A COLERAINE farmer and farming rights’ activist has called on the big local supermarkets to stop treating farmers as “slaves” and pay them “a fair price” for their produce.
Sean McAuley, a steering committee member for the Northern Ireland Farmers For Action group, claims Coleraine farmers are amongst thousands across the Province who are not even paid cost price for their beef and milk.
And despite “misleading headlines” to the contrary, he shockingly revealed that lamb and grain were the only two locally produced commodities with enough profit to stop farms going under.
The Macosquin based farmer made the startling revelations in a hard-hitting report produced this week to garner support for MP Tim Farron’s Early Day Motion 1602 presented to Westminster.
In the motion, the concerned MP called for the House to condemn the exploitation of farmers and producers across the world by companies who pay below cost for goods; to celebrate the success of the Fair-trade in promoting ethical purchasing and trade justice; and to call for the establishment of a domestic fair trade classification to protect UK farmers from exploitation by large corporations such as supermarkets.
Mr. McAuley claims the only reason lamb and grain are still profitable for local farmers is down to supply and demand.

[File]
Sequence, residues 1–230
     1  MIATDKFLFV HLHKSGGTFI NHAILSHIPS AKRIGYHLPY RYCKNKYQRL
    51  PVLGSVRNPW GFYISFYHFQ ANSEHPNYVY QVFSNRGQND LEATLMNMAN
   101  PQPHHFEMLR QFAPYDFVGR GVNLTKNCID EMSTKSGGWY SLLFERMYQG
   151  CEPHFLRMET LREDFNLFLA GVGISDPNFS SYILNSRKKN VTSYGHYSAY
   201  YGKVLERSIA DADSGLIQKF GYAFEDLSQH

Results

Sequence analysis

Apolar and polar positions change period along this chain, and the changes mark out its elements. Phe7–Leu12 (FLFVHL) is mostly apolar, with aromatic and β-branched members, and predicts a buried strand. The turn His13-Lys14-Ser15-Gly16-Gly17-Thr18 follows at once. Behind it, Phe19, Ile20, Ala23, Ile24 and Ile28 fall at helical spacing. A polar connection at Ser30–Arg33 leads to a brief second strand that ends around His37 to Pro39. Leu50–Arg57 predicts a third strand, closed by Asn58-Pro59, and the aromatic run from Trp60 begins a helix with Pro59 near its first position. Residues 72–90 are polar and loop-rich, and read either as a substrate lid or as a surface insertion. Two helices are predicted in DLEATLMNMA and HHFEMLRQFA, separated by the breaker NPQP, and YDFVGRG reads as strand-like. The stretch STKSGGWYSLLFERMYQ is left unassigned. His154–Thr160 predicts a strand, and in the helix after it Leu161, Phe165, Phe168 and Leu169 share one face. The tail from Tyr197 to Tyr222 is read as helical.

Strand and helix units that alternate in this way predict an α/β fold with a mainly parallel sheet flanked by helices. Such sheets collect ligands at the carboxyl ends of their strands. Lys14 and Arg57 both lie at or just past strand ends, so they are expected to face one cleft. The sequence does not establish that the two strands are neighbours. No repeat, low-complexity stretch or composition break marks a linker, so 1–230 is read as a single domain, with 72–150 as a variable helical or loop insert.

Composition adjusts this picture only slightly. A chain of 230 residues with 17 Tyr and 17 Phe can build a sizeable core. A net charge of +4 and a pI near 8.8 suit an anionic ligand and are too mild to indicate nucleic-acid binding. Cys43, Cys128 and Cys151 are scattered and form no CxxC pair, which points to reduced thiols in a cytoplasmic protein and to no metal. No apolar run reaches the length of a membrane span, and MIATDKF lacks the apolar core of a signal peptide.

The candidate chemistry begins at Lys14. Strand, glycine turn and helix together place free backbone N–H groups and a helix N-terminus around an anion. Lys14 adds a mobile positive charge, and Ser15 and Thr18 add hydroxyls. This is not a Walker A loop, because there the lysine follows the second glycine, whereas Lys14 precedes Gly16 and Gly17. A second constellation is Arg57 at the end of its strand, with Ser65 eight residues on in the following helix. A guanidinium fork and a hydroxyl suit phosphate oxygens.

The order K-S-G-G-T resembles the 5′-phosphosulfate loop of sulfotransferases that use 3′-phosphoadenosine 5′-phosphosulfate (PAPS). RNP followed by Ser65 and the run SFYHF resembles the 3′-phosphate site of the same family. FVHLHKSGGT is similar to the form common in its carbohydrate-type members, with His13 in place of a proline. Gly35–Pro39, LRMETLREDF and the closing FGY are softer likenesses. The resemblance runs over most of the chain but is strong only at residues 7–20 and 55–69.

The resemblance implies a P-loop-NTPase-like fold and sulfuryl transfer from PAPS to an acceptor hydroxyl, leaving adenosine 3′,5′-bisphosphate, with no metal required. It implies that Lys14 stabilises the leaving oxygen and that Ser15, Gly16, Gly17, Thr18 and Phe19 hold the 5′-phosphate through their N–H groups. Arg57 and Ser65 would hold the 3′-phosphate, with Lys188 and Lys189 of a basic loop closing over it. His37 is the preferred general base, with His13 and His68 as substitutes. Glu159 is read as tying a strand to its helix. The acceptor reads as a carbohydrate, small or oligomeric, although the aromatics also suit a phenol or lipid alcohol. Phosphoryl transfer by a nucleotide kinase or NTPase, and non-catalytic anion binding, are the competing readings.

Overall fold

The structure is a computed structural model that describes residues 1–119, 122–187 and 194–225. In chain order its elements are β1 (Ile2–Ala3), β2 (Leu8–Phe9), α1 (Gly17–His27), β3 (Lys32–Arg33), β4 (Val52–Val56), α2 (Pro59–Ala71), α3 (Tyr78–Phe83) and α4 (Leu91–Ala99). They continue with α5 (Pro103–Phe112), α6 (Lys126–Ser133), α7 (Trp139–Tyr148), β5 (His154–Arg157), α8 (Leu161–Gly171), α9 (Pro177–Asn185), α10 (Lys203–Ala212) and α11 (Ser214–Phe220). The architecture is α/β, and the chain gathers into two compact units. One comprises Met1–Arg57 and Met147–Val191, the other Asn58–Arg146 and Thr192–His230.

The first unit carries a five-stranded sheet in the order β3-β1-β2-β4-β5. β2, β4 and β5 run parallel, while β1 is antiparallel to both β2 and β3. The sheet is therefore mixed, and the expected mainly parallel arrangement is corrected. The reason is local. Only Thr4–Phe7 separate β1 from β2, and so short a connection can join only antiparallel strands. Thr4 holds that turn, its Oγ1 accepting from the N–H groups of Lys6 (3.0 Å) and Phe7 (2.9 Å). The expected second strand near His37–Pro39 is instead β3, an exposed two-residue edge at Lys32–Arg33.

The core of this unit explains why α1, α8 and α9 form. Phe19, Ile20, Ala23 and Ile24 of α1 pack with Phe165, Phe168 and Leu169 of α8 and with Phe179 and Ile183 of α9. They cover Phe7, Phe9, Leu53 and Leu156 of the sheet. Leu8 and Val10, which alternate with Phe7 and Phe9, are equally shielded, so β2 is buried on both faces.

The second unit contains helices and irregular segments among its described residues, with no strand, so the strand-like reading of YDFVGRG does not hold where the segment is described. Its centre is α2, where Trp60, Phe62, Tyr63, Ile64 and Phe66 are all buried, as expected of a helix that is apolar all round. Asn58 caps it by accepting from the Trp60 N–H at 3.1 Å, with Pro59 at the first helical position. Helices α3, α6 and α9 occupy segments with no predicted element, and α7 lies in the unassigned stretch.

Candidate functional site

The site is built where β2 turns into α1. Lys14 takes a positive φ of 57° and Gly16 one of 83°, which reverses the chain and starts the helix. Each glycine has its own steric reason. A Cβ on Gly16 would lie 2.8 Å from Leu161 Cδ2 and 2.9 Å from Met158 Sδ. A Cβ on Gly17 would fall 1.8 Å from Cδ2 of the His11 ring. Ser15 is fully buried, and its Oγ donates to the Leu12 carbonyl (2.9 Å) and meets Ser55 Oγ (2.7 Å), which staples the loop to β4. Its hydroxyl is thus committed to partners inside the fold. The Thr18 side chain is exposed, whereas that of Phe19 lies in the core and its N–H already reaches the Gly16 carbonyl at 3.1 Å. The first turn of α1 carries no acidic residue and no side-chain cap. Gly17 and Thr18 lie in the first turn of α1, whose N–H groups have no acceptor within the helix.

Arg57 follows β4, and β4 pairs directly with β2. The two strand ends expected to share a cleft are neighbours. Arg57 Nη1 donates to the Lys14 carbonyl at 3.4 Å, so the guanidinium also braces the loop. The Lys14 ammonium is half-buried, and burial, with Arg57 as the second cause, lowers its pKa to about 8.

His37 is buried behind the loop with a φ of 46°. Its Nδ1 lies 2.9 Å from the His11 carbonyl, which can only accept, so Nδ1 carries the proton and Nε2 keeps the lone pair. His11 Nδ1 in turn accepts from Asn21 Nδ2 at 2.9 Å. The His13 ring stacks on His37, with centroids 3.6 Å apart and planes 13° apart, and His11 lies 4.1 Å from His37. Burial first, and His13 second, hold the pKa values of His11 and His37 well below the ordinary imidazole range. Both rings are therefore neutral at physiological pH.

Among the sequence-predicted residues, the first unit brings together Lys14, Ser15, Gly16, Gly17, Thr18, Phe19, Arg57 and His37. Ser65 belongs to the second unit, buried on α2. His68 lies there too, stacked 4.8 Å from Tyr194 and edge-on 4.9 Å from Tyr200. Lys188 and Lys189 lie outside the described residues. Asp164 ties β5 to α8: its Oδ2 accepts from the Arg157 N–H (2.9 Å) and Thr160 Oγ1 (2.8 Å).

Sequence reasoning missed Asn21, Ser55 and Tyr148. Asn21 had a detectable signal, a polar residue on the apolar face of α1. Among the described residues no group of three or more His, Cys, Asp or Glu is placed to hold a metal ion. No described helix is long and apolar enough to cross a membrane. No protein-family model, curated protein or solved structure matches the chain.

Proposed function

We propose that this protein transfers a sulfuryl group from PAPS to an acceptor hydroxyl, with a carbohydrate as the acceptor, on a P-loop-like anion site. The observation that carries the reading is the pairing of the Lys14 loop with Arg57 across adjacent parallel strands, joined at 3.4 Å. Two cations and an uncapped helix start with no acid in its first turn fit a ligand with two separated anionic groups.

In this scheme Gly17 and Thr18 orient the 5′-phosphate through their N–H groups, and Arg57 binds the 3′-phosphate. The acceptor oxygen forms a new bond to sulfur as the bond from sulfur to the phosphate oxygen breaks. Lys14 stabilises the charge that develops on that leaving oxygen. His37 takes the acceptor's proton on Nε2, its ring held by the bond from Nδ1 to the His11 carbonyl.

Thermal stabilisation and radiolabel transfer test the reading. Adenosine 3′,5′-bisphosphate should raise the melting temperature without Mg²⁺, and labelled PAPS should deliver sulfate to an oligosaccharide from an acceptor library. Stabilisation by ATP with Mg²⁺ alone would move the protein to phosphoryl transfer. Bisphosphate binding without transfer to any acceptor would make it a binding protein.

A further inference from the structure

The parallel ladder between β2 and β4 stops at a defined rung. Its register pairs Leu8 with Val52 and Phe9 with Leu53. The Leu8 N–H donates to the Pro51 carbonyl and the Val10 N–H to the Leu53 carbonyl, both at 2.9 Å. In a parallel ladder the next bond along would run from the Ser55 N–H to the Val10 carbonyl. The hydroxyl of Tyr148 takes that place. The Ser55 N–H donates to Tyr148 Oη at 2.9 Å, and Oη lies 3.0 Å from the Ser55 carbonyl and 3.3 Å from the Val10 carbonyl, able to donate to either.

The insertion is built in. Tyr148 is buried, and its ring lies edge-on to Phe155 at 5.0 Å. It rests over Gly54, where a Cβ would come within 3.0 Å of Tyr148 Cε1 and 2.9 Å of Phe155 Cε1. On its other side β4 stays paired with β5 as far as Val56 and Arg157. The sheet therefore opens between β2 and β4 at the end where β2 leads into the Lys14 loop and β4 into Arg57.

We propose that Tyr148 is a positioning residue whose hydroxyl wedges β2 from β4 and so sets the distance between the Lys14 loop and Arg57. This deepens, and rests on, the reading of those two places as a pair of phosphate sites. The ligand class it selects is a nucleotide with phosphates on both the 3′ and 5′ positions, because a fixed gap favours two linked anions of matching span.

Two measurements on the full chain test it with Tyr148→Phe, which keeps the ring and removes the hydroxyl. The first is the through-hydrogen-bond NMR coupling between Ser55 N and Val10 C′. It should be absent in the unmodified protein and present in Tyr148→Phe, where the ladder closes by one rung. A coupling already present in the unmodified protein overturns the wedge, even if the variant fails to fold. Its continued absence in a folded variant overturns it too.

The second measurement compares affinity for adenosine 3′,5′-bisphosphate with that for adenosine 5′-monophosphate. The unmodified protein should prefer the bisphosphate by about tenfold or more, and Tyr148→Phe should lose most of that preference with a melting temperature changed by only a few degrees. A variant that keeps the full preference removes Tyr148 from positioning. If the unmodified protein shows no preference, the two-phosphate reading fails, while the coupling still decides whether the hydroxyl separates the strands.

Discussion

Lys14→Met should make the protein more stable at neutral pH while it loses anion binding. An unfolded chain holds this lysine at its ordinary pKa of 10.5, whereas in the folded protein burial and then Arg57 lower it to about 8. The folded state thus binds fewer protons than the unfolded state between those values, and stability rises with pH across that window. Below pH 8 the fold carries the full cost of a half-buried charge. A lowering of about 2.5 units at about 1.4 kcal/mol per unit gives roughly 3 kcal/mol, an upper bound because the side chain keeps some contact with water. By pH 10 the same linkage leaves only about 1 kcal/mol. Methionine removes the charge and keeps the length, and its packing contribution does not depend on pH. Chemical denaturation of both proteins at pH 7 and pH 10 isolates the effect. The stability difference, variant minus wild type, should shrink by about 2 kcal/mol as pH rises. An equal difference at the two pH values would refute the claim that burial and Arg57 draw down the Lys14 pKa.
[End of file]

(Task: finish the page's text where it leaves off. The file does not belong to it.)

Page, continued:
“The world market is short of these commodities,” he said, “thereby creating an overall market large enough to be outside the armlock of the EU’s large supermarkets, large food retailers and wholesalers.”
Citing examples, he went on to say: “European beef self-efficiency was indeed short by approximately 4% while the world beef markets were buoyant, yet the small beef shortage within the EU was not enough to break the armlock of the corporates into paying directly or indirectly Northern Ireland farmers the cost of production plus a margin.
“As a result the farm gate price of beef would need to rise by approximately 50% to reach an estimated cost of production, heading towards £5 per kg.
“Indeed the farm gate price of milk only rises occasionally to the cost of production when world markets peak, otherwise dairy farmers, a notoriously high-borrowed sector, need on average an increase of 45% just to reach the cost of production, heading towards 40p/l.”
Mr McAuley called for political resolve to deal with the issue of fairness for local farmers many of whom are in financial hardship.
“The European Union boasts a free market, it is in fact by-and-large a corporate controlled market from a farmers point of view,” he said.
“Politicians should realise that action needs to be taken in the form of Fairness for Farmers in Europe’s revolutionary Common Agriculture Policy Post 2013 (CAP) proposal. It saves the CAP budget billions by abolishing lowland subsidies and it advocates EU legislation to force the corporates to pay farm gate prices for staple commodities, equating to the cost of production plus an inflation linked margin.”